With cramming, I have been able to get up to several hundred words and basic verb conjugations, and figure I can do it again: Portuguese, Dutch, Danish.

Once studied for a year (in high school), and would love to have the chance to dust off and try again: Russian.

Learned a smidgin 30 years ago: Greek.

Studied up for trips that have as yet not materialized: Norwegian, Swedish, Czech, Polish, Hungarian, Finnish (I don't kid myself about how much I could actually absorb in a few weeks of cramming for the last two).

And last of all, tried really hard for six weeks, serious effort and got NOwhere and I have retained NOTHING: Japanese.
May 25th, 2000, 06:34 PM
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It IS a fun question. And with a slightly serious side, since I am dogmatic in my belief that we travel-lovers should make an effort to learn something of the language of the host country, both out of politeness and because we'll get a lot more out of the visit. Unfortunately, we Americans seem to be a bit more deficient than most in making the attempt.
So, my attempts: Southern (U.S.) English is, by the grace of God, the mother tongue. I am (or used to be) reasonably fluent in French, having lived there for a year long ago. I get by in German, Spanish, and hopefully -- considering I will arrive there in a couple of weeks -- Italian. I know a bit of modern Hebrew, and in the past I have obtained phrase-book level skills, via tapes and books, in Czech, Greek, Dutch, etc. -- wherever my wanderlust takes me!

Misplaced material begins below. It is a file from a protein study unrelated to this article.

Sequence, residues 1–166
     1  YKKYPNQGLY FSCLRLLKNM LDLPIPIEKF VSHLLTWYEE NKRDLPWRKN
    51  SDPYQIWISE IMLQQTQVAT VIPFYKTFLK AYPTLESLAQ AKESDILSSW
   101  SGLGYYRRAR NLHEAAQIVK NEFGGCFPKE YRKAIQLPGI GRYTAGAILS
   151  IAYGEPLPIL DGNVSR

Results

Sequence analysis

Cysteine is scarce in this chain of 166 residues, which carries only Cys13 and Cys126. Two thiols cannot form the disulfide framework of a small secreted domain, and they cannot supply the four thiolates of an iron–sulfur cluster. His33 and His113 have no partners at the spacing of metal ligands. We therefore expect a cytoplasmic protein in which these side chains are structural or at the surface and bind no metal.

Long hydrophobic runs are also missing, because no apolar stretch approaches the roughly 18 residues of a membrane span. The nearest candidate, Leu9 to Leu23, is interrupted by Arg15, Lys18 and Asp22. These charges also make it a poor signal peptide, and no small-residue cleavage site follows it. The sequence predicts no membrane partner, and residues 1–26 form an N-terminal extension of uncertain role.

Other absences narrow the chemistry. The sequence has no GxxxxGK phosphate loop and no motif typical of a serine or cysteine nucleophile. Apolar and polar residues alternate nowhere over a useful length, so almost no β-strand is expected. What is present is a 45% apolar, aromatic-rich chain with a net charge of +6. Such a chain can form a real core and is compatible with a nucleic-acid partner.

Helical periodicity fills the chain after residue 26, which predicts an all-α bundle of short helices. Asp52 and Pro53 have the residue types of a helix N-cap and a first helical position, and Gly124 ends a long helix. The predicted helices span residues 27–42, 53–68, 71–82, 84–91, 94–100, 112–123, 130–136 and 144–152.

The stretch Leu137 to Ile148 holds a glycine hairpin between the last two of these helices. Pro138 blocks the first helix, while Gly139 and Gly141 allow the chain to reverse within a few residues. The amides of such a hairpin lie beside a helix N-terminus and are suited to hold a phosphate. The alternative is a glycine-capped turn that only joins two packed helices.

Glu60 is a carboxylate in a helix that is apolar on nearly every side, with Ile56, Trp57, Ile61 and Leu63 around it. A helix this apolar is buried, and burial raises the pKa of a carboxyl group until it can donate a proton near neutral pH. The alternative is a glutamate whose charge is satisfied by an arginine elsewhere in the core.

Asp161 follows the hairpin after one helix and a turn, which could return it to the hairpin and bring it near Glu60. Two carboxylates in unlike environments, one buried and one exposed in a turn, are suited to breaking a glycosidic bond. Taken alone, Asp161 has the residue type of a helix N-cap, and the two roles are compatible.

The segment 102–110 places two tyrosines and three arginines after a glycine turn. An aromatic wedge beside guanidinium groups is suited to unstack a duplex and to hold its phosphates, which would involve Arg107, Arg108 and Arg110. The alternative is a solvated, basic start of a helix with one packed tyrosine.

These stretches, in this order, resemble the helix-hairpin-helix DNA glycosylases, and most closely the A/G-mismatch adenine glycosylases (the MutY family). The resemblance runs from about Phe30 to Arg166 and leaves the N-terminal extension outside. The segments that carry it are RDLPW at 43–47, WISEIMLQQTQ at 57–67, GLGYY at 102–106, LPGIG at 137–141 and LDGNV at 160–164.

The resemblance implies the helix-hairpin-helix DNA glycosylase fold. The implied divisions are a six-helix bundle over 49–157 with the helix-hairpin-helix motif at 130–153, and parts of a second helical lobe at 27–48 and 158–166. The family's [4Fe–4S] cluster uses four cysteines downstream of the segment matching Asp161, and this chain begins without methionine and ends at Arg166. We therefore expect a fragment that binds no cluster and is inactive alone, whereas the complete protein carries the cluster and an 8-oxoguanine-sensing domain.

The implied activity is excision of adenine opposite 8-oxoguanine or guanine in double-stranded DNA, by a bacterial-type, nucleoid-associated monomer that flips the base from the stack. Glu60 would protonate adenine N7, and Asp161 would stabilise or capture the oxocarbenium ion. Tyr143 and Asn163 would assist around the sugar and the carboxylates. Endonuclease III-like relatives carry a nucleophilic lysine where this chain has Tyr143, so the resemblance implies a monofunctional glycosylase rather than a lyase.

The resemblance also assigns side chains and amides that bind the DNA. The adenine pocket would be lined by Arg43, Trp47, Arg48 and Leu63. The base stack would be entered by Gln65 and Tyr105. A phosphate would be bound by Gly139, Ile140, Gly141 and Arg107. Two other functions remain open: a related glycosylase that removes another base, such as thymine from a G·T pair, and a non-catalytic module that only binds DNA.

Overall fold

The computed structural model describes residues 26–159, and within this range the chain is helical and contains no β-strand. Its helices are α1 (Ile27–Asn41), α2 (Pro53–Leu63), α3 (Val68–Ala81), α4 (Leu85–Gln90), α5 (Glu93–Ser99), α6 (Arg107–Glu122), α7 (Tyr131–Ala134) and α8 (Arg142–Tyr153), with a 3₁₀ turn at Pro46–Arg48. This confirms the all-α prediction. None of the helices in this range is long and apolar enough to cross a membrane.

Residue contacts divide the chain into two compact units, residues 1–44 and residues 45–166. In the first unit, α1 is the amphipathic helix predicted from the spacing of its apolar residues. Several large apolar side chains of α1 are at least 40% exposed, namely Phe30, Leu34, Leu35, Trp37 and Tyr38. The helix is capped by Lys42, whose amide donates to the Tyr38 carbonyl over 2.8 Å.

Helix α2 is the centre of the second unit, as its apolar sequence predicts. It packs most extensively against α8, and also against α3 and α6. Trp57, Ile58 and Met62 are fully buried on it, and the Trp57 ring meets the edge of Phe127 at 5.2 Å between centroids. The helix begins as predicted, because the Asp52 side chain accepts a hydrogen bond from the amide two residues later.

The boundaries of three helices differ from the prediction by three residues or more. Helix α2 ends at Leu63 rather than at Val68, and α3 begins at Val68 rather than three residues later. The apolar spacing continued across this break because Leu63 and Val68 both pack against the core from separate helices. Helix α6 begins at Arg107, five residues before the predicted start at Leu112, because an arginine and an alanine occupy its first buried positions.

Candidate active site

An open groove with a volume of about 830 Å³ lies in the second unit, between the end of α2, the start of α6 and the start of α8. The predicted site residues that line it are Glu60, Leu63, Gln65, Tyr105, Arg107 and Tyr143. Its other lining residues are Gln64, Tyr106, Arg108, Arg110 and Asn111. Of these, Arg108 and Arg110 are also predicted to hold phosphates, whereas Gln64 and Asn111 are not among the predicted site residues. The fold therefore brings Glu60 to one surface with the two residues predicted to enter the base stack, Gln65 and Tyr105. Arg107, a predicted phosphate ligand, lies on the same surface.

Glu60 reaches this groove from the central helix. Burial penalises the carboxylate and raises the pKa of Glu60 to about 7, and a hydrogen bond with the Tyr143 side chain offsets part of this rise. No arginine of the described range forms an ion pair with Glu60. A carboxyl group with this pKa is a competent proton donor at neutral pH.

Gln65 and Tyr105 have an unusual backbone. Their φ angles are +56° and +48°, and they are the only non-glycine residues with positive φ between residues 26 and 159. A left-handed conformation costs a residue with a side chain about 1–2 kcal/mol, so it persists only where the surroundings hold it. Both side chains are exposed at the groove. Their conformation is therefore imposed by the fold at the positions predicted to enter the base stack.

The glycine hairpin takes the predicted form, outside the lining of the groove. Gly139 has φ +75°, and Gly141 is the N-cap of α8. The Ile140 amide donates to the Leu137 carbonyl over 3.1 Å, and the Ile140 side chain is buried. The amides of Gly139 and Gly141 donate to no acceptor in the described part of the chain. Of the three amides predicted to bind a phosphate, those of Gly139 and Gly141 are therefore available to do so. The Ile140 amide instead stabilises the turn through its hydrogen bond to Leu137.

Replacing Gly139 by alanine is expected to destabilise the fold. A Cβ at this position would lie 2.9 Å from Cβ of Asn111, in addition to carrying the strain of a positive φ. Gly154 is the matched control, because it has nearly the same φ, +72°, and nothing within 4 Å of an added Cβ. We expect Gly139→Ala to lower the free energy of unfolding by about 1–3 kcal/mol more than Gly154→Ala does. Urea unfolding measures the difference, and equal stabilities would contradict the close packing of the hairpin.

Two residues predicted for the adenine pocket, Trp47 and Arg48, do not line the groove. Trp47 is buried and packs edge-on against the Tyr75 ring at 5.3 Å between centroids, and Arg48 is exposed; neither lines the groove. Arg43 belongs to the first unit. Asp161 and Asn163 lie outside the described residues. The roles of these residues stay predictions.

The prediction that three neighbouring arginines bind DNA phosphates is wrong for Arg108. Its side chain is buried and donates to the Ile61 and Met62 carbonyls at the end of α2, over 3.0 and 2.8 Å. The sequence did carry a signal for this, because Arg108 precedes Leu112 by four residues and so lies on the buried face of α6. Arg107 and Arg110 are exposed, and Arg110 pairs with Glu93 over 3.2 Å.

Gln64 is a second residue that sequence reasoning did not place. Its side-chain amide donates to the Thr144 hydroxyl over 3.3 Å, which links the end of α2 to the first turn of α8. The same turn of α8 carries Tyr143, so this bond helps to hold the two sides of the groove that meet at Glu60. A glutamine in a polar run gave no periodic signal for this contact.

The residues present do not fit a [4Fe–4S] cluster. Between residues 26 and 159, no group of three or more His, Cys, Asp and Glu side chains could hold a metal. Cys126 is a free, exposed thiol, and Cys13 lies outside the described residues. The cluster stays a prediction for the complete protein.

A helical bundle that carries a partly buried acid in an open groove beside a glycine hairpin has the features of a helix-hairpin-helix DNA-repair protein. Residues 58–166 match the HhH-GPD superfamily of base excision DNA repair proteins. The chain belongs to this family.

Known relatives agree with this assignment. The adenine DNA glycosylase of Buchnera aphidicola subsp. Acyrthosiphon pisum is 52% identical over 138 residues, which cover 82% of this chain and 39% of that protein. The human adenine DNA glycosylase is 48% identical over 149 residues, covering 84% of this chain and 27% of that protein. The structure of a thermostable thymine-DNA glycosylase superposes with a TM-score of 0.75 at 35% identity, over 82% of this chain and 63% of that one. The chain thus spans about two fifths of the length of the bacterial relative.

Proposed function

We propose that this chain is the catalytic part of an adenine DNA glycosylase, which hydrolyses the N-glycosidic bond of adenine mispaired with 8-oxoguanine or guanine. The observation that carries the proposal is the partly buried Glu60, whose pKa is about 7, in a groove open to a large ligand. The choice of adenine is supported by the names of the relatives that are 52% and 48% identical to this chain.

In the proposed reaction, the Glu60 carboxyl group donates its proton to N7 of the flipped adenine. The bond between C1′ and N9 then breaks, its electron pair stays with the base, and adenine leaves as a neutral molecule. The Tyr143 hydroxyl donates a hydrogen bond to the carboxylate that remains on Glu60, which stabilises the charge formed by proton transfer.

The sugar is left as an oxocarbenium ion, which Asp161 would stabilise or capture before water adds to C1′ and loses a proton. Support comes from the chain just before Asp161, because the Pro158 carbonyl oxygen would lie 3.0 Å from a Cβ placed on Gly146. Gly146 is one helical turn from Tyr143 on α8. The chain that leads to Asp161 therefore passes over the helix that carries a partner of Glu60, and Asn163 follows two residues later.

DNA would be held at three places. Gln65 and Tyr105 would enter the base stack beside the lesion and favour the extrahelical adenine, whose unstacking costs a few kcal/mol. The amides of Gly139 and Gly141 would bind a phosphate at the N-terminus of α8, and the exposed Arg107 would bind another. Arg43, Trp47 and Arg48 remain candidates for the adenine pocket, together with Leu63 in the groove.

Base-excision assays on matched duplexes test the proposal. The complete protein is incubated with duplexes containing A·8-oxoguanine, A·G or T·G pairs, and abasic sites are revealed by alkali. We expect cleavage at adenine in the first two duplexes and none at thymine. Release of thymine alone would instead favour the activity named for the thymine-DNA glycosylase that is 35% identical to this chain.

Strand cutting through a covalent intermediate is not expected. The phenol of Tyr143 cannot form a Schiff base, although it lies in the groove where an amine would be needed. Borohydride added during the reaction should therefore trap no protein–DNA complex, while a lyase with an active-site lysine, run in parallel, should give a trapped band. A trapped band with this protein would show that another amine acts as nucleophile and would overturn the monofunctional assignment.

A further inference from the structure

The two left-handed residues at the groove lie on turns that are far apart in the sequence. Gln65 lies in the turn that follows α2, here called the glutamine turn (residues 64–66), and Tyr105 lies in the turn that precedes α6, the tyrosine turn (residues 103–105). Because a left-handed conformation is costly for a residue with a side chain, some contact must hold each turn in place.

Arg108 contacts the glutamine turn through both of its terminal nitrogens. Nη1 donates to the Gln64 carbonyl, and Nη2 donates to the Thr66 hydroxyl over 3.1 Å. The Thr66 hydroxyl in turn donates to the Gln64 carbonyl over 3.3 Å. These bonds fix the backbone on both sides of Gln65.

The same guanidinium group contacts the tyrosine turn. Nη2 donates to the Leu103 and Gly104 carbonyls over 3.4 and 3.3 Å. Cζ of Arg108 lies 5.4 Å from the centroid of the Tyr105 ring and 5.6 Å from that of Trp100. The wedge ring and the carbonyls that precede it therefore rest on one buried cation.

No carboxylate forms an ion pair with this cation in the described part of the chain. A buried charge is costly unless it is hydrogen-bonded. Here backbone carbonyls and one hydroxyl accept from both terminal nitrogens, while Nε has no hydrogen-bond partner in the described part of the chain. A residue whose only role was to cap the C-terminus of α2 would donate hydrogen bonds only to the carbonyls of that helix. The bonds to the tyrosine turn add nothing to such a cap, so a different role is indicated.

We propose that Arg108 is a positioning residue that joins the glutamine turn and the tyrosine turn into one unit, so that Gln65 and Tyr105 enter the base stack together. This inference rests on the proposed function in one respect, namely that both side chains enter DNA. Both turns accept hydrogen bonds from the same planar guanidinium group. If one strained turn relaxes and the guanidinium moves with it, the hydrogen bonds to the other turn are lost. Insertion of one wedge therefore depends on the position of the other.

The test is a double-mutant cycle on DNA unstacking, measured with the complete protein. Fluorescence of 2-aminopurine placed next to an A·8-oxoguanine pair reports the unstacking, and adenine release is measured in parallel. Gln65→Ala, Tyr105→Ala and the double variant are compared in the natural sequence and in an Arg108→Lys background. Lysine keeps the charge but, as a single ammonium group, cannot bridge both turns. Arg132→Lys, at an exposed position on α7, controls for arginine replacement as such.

May 25th, 2000, 09:18 PM
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Hello, Bon Jour, Hallo, Salve, Guerzi,

Native English speaker
Semi-fluent French
Understand some Dutch (lived in Holland for 8 months)
Very very basic Italian
And beginner at Swiss German (have lived here for 5.5 months) and making quite remarkable progress...I really enjoy the situations (albeit too rare) when the other person doesn't speak English and I'm forced to use my fumbling language skills.
May 25th, 2000, 10:10 PM
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anybody here able to speak Afrikaans?